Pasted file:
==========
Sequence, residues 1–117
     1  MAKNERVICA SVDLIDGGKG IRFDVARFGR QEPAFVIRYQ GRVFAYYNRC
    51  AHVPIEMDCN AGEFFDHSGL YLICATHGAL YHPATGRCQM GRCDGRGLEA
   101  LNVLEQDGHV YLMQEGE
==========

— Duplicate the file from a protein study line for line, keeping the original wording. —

Sequence, residues 1–117
     1  MAKNERVICA SVDLIDGGKG IRFDVARFGR QEPAFVIRYQ GRVFAYYNRC
    51  AHVPIEMDCN AGEFFDHSGL YLICATHGAL YHPATGRCQM GRCDGRGLEA
   101  LNVLEQDGHV YLMQEGE